Friday, September 28, 2012

NYC Graffitti Hall of Fame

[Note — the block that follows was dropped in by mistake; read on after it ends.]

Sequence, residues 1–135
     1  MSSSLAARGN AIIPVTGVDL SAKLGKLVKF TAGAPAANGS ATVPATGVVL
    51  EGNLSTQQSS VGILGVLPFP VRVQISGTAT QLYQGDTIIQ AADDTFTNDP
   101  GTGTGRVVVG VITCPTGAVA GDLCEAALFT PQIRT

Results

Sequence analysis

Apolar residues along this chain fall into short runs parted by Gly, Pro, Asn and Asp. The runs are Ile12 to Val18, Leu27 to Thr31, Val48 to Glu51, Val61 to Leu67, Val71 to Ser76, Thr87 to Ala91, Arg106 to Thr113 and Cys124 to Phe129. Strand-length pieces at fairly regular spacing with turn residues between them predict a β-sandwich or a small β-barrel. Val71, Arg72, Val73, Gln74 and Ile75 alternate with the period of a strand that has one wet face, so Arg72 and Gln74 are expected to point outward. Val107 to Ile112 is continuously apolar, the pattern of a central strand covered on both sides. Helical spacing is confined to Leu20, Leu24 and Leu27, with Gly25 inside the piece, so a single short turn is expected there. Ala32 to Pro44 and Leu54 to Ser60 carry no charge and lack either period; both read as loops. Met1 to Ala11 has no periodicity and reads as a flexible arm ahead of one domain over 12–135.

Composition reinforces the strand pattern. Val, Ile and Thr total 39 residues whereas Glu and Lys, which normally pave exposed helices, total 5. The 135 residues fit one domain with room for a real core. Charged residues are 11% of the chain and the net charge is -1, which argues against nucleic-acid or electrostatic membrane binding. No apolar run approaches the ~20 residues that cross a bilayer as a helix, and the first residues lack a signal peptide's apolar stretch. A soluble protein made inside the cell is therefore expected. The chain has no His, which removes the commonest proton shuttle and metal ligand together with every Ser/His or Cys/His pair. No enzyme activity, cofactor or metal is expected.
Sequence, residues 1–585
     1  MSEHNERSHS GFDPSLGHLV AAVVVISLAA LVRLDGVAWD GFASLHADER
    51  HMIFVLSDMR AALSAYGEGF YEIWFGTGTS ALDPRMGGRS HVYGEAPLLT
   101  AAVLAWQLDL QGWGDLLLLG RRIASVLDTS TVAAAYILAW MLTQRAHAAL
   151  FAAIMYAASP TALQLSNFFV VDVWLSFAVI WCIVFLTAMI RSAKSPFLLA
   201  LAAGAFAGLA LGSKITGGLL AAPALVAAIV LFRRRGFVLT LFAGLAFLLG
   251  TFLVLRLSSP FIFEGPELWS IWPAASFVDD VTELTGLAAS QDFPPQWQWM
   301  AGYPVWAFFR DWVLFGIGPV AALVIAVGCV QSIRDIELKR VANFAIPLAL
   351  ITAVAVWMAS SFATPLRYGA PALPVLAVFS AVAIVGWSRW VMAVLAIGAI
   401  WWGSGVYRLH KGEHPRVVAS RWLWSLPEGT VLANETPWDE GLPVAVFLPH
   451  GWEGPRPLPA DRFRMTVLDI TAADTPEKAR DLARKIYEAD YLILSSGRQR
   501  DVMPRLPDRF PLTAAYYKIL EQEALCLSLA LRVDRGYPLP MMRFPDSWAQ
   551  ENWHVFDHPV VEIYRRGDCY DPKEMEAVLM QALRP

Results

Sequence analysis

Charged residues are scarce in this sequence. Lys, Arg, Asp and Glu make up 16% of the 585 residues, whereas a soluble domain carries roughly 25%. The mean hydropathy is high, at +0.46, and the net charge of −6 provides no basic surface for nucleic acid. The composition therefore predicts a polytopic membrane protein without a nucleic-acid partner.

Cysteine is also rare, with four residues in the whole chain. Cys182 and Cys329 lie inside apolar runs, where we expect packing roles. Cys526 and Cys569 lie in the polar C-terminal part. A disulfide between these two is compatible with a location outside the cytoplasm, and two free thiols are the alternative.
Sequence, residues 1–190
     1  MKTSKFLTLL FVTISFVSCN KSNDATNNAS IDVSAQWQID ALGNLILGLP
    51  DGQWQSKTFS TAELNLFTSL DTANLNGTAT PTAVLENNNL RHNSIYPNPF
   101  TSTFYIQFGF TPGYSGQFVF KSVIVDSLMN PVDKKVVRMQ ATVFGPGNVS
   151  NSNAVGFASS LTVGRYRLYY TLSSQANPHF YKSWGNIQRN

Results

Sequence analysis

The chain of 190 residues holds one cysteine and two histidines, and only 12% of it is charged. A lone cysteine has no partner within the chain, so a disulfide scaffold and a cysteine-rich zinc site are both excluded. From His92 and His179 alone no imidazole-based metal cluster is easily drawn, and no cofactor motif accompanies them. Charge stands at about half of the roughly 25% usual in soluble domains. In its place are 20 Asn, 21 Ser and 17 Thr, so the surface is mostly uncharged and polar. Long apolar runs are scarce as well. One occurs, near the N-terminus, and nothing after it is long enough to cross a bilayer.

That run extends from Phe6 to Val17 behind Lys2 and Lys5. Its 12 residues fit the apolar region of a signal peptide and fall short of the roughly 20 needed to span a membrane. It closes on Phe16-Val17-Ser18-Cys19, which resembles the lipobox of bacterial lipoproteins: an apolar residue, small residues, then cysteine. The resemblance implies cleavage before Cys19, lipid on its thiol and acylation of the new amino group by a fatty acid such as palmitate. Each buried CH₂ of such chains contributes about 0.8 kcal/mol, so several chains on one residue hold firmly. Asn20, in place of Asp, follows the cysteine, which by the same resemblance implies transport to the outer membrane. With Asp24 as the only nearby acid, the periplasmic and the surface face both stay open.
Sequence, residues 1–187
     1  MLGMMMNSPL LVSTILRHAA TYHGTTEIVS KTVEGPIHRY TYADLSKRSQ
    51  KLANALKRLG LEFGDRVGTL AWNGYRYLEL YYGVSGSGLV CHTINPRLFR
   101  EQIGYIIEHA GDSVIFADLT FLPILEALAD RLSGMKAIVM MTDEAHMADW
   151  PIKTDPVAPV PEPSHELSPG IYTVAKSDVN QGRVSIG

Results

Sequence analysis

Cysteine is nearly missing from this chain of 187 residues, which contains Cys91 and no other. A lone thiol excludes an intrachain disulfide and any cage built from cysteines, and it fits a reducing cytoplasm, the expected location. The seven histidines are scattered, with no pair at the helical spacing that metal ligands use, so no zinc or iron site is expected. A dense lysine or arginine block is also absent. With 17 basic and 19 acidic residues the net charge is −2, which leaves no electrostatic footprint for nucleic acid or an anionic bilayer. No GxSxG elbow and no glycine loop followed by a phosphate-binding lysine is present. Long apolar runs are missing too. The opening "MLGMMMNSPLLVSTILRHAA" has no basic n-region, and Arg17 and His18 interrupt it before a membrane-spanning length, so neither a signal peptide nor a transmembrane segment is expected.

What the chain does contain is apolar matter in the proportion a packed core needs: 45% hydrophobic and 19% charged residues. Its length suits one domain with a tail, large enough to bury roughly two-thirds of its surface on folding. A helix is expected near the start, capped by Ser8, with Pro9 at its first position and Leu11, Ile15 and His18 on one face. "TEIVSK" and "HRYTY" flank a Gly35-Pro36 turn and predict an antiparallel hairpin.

(James top of James Top Productions) I’ve said it many times; an artist usually will choose their tools based on what is around them when they first get the creative spark. Perhaps a little boy’s father had an old guitar in the basement, or a little girl found her mother’s lipstick behind the couch. Did you go to art class in high school and the teacher only had clay around? What about being a pre-teen and your mom sent you out to buy a loaf of bread, only to find the neighborhood kids “tagging” the side of the bodega? I know growing up in the 80’s, some of my fondest memories were of the boys break dancing on the block on top of opened cardboard boxes. I remember my cousins and the older boys sneaking spray paint cans out of my garage and spray painting whatever wall they could find. I also remember them getting in trouble, and being regarded as vandals because they defaced public property. What is sad is that these were the stories heard and broadcasted publically, and it took away from the beauty of the art form that we know as graffiti. Graffiti is indeed an art, born out of the streets of New York, and other inner cities, it has had the greatest influence on what we know to be Hip-hop culture today. Originating in the New York City subways, graffiti was an expression of a culture that expressed themselves loudly and colorfully with its music, fashion, and even political involvement. By definition, the word graffiti is defined as markings, initials, slogans, or drawings, written, spray-painted, or sketched on a sidewalk, or wall of a building. Some of the most common styles of graffiti have their own names. A "tag" is the most basic writing of an artist's name; it is simply a hand style. A graffiti writer's tag is his or her personalized signature. Tagging is often the example given when opponents of graffiti refer to any acts of hand style graffiti writing (it is by far the most common form of graffiti). Tags can contain subtle and sometimes cryptic messages, and might incorporate the artist's crew initials or other letters. We don’t see it anymore on the E or the A trains. If we see it on a wall anywhere, it was artfully placed with the permission of the owner. Due to laws passed that attempted to label graffiti as vandalism and defacement, great lengths have been taken by the artists over the years to preserve the integrity and expression of the much loved and respected art form. Graffiti is urban pride, our modern day Venus die Milo, our reference to a movement that is withstanding and globally identified.